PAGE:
In New York, although there were no criminal allegations, the process was marked by selective leaking of information and overall opaqueness in the governor's decision-making. While in some other cases governors have been more open about their decision-making process, too often that is not so. In any event, there are few effective legal requirements for openness. We will support efforts in states to ensure that the appointment process is open and transparent to the public.
We know there are concerns that calling a special election to fill a Senate vacancy will take months, leaving citizens of the state without representation and disrupting the continuity of the federal government. But the states that now require special elections to fill Senate vacancies generally also require a special election be held within a set period of time. We believe that setting a special election within three or four months is reasonable. We do not believe the state or federal government will suffer unduly from the lack of a Senator for that period of time.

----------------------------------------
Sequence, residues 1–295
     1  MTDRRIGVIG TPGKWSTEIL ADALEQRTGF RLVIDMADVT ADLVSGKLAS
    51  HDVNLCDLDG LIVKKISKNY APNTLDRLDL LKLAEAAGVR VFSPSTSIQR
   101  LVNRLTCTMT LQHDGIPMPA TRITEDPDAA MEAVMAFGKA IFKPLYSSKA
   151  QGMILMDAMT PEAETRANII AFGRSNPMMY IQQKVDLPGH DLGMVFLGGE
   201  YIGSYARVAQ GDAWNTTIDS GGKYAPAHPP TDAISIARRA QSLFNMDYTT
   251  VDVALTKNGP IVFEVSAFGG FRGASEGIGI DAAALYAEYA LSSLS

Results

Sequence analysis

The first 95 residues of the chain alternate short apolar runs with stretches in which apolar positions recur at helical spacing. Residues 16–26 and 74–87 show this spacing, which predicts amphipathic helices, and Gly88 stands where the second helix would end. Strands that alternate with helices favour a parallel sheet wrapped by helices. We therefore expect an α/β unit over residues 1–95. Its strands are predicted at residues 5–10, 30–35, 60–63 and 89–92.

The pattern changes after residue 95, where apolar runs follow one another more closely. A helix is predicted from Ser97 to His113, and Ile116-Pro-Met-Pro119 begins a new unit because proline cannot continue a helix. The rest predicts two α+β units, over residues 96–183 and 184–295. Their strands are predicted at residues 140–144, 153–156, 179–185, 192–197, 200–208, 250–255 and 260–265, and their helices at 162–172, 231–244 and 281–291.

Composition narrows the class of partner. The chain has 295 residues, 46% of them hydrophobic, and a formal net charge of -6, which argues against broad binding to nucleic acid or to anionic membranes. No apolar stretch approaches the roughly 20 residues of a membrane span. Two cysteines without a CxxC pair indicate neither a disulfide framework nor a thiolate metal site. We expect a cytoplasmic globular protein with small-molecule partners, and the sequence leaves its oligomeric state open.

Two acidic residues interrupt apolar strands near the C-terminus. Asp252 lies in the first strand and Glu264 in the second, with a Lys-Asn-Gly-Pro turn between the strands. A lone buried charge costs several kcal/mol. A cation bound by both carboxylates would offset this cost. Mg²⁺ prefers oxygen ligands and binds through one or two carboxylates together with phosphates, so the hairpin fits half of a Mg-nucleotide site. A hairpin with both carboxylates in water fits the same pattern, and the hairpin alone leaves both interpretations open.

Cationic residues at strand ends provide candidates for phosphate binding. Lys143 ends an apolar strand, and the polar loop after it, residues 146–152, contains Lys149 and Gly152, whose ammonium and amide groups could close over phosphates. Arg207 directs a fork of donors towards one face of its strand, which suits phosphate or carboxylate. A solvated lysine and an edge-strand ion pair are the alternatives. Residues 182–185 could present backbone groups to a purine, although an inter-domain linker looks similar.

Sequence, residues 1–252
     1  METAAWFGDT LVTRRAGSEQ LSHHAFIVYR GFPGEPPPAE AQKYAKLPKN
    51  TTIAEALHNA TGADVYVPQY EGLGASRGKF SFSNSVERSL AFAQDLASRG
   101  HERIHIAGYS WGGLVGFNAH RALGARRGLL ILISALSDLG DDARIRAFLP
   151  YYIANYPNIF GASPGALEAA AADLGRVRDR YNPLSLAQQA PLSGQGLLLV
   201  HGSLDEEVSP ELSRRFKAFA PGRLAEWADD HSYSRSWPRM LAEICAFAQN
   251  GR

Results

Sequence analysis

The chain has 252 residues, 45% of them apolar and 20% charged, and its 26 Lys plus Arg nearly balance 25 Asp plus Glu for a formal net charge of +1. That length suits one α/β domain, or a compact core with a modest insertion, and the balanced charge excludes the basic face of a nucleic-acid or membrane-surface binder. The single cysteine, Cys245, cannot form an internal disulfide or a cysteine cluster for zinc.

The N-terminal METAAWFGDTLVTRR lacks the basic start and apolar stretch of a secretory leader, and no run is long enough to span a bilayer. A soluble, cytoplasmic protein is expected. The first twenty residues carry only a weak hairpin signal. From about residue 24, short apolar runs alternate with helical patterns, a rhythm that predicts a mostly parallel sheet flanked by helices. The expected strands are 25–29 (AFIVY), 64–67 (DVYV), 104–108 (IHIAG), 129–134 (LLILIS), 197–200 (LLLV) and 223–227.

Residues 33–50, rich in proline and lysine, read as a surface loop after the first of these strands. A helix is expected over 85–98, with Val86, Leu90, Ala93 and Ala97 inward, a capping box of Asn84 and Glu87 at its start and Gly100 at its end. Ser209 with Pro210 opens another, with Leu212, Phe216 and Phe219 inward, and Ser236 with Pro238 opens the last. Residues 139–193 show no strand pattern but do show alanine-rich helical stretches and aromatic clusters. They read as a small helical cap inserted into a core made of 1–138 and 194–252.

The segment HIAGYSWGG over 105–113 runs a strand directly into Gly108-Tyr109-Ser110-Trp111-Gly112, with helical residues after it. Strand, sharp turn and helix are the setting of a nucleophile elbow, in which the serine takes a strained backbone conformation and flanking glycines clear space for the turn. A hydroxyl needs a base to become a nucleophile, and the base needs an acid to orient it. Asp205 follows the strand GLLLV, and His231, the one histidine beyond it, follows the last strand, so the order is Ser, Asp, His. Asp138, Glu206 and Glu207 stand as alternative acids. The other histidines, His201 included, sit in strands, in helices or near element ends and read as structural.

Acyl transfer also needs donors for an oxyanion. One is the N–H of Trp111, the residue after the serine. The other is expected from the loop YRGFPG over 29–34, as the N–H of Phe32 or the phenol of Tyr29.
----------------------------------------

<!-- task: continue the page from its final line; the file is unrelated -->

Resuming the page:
We are also acutely aware that some issues come before the Senate that are decided by one or two votes and that a vacant seat could have some bearing on the outcome of critical issues. But we know that Senators are often absent for votes for reasons varying from illness to fundraising. An occasional temporary vacancy will be no more of a problem.